It’s hard to talk about crossfit with someone who doesn’t crossfit…and I’m sure we’ve all been there. Now, imagine that you are a crossfit trainer/competitor (me) and your family doesn’t actually like that you do crossfit…sounds fun, right? right.
So I would even go as far to say that my family hates that I do crossfit. They may say this is an exaggeration but I don’t think it is. My mom hates that it’s a cult and I think she secretly dislikes the fact my muscles are fairly large and that I lift weights. My dad just hates that I lift weights at all because I had back surgery (I’ve talked about why lifting is important before) and he also would prefer that I have a runner’s body. My grandmother…well she just hates my traps. While this may be funny and somewhat absurd (it’s my life and my body, it doesn’t matter what they want me to look like) it’s frustrating because crossfit, like it or not, is a large part of my life. Eating well and working out are a struggle for many and people do it because they sort of have to if they want to ‘look good.’ I do this stuff because I love it and it’s not much of a struggle. I find it quite easy to eat paleo and to workout as much as I do. It’s just part of who I am. Not being able to share this passion with my family can be heart breaking. Mainly because many of the experiences I have had in the past few years have changed me as a person. I am lucky to be able to work with some amazing people who are both family and friends but I am beyond jealous of those whose parents come to watch them compete (my mom has come to some competitions…she usually leaves because she doesn’t like watching me lift heavy things) and whose parents actually workout with them, who congratulate them on PRs on their lifts rather than telling them not to lift heavy. I actually try NOT to talk about CF around my family or anyone who doesn’t CF for that matter.
I snatched 155# today. For me, that’s unbelievable. I have been wanting to snatch 150+ for a really long time and I thought I’d never be able to do it. If I told my parents this or sent them the video, they’d actually get angry with me. I want to share my (non-academic) accomplishments with them and I want them to be proud of the work I’ve done in CrossFit…but they don’t get it. They probably never will because all they see is that my shoulders and quads have gotten a little bigger.
Video of me snatching 155#
I adore my parents, they really are my best friends and they have supported me in everything I have done my entire life. I just know the impact that CrossFit has had on my life and I wish I could share it with them, and I wish they could understand the difference it makes and what it is really about because it is more than working out. The change that occurs in someone is mental more than physical and it’s an unbelievable thing.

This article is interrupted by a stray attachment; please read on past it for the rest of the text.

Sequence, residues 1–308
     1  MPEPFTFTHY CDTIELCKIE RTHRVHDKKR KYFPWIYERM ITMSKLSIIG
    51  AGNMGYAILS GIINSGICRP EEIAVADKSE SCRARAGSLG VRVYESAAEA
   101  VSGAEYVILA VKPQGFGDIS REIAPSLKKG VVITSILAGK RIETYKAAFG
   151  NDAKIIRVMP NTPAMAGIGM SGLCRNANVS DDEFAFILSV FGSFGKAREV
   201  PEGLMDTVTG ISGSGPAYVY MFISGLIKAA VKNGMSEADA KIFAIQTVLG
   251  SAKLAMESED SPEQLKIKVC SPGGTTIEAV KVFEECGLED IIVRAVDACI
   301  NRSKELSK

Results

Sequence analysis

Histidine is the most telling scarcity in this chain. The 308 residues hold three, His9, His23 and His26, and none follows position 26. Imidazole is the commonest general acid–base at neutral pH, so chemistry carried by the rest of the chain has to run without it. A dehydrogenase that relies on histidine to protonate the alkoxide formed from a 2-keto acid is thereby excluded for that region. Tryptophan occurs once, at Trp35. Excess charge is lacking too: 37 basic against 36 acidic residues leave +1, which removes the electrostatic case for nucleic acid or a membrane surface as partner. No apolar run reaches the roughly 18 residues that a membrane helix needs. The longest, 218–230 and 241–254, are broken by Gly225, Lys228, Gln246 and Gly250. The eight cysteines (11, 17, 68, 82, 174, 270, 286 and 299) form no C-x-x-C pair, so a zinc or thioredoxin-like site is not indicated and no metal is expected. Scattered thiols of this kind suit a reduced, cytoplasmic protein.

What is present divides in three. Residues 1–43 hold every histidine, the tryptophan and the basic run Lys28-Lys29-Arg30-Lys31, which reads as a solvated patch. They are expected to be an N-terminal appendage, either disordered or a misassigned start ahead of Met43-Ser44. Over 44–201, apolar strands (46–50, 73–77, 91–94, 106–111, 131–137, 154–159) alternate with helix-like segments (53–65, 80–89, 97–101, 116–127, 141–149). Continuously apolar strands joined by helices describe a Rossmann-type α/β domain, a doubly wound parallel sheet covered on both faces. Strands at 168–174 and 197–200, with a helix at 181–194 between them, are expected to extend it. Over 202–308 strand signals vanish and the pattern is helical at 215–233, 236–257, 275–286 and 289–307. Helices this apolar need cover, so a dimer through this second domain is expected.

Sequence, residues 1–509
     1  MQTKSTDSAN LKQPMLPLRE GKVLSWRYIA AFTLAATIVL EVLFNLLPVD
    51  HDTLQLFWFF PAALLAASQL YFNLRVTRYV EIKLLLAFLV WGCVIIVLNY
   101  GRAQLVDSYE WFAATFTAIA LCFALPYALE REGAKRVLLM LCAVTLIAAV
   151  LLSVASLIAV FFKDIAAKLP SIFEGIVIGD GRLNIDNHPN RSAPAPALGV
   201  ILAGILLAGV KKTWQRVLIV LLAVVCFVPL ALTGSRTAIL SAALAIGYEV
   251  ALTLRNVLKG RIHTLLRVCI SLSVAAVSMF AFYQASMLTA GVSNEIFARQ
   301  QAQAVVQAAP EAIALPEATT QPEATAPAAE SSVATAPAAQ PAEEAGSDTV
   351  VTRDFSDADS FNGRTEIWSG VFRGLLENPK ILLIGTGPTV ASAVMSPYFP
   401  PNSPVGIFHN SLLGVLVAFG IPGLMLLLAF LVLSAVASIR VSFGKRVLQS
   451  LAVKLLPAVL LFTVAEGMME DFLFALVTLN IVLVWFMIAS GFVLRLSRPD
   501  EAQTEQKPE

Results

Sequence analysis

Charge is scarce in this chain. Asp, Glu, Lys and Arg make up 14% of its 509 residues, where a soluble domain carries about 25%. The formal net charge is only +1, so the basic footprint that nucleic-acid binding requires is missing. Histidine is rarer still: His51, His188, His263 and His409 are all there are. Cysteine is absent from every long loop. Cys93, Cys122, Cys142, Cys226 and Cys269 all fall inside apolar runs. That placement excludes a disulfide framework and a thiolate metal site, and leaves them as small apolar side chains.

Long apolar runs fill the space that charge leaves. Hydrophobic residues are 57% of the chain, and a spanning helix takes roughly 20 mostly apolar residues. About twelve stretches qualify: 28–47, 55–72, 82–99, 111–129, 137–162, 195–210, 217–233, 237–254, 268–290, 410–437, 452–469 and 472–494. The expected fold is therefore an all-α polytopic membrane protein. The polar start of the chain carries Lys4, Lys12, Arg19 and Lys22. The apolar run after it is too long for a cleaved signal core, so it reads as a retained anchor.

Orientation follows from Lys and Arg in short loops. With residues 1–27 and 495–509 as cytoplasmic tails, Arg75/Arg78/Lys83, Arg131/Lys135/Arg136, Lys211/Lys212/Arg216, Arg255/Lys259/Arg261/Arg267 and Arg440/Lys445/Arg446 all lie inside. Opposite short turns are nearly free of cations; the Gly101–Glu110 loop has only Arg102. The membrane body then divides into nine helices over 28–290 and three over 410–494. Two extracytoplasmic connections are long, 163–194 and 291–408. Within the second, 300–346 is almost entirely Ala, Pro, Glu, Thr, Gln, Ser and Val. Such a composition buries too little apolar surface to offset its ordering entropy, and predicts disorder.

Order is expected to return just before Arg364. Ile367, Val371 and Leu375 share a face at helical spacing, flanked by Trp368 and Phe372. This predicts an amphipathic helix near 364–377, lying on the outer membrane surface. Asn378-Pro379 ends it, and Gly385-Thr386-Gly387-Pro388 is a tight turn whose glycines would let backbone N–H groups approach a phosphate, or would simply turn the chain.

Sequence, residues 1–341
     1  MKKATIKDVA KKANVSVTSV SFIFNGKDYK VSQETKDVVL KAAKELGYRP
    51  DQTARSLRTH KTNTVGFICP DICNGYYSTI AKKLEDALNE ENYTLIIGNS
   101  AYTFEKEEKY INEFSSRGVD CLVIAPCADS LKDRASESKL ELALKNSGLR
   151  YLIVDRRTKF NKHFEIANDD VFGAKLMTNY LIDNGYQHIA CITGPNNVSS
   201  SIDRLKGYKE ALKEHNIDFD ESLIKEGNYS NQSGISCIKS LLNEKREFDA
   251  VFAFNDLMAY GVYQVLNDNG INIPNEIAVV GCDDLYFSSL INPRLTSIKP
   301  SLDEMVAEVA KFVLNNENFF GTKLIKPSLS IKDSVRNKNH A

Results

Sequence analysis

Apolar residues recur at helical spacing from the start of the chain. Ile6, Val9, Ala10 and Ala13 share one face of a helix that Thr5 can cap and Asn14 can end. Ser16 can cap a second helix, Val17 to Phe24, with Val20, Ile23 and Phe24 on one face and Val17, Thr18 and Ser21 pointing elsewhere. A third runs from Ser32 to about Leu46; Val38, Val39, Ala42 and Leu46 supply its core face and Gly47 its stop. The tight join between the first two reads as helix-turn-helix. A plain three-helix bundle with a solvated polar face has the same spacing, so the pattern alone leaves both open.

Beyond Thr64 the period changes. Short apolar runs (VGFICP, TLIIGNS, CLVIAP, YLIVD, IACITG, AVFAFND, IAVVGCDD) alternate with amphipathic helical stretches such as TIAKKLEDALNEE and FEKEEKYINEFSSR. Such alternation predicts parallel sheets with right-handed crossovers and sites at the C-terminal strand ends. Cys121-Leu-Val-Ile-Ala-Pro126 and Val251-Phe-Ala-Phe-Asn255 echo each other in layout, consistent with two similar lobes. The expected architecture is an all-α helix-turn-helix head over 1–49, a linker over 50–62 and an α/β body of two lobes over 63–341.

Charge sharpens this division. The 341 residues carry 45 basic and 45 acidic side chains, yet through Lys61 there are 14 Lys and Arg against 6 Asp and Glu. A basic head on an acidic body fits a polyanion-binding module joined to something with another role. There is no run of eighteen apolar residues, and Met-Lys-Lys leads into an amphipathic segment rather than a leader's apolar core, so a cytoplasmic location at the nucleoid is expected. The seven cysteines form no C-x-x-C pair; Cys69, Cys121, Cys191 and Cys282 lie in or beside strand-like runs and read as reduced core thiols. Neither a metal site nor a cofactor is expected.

CrossFit is not for everyone and I don’t think everyone should do it…but it does change you in a profound way.
Cherie Chan wrote the perfect article, “Why CrossFit Ruined My Life” It is all so true…
I have learned to see food as fuel and I am incapable of eating something ‘bad’ without feeling it’s effects. I will forever keep gluten and dairy out of my diet (for the most part) and think in (somewhat) of a block system.
I have a very different understanding of what people should like like. I criticize the fronts of women’s magazines because the bikini bodies look like crap and the models couldn’t lift 100 lbs.
I have seen people push themselves farther than they ever thought they could go, and then go further. I expect everyone to do this, every day, all the time. The confidence that people gain through doing their first rope climb or dead lifting twice their body weight is unreal and it transfers over to other aspects of their lives.
I share blood, sweat, and tears with my crossfit family and have a deep respect for those who give it everything they have, every time they walk into the gym. I don’t see other people (with the exception of ‘elite’ athletes) the same way.
I will forever be obsessed with getting better at my weaknesses and I no longer workout to ‘stay in shape.’
I am not very good at wearing clothes that don’t stretch…My shoulders and quads are too big and my waist is too small.
My hands are calloused and I have bruises and scrapes on my legs.
Crossfit has not ruined my life… it has saved my life. It has changed the way I see food and it has made me a better person and a better athlete. It breeds respect, honesty, diligence, hard work, and sacrifice. There are not many things in this world that I believe have the same impact on people’s lives that CrossFit can have. (There are a lot of exceptions here guys…I believe that any elite athlete, body builder, or branch of the military, etc…can produce similar results mentally)
I will never forget the Colorado Open Masters competition last year. All but one of the women had finished the workout and I believe the last woman was a 3 time cancer survivor in her 60’s. The clock was about to run out and she had her last run left. There was no way she would finish the run in time for it to count towards her score but she took off for the run anyways. Soon after that, the 10 or so masters women who has just finished a grueling workout, got up off the ground and started to run after her. They all finished the run together. It still brings tears to my eyes thinking about it. I’ve never experienced the sportsmanship and camaraderie that I have in crossfit, in any other sport. It’s an amazing thing and I hope that one day, I will be able to share this with my family. Until then, I have an unbelievable group of friends (who are my gym family) that understand and support me.